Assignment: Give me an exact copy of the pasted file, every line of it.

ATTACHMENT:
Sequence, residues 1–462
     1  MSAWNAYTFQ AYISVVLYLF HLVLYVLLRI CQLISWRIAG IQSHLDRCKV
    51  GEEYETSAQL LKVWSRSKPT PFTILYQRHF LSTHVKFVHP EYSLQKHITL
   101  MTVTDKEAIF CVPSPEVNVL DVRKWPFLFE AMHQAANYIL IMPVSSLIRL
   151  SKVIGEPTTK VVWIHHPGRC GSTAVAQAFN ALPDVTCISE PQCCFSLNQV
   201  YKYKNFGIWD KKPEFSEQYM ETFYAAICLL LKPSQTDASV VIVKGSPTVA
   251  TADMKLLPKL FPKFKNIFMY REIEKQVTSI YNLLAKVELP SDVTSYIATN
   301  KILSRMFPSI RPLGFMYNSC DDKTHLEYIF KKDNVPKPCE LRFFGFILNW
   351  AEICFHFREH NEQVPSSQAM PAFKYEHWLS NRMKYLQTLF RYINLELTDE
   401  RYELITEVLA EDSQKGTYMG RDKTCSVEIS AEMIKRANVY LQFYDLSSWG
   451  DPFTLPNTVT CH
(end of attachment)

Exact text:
Sequence, residues 1–462
     1  MSAWNAYTFQ AYISVVLYLF HLVLYVLLRI CQLISWRIAG IQSHLDRCKV
    51  GEEYETSAQL LKVWSRSKPT PFTILYQRHF LSTHVKFVHP EYSLQKHITL
   101  MTVTDKEAIF CVPSPEVNVL DVRKWPFLFE AMHQAANYIL IMPVSSLIRL
   151  SKVIGEPTTK VVWIHHPGRC GSTAVAQAFN ALPDVTCISE PQCCFSLNQV
   201  YKYKNFGIWD KKPEFSEQYM ETFYAAICLL LKPSQTDASV VIVKGSPTVA
   251  TADMKLLPKL FPKFKNIFMY REIEKQVTSI YNLLAKVELP SDVTSYIATN
   301  KILSRMFPSI RPLGFMYNSC DDKTHLEYIF KKDNVPKPCE LRFFGFILNW
   351  AEICFHFREH NEQVPSSQAM PAFKYEHWLS NRMKYLQTLF RYINLELTDE
   401  RYELITEVLA EDSQKGTYMG RDKTCSVEIS AEMIKRANVY LQFYDLSSWG
   451  DPFTLPNTVT CH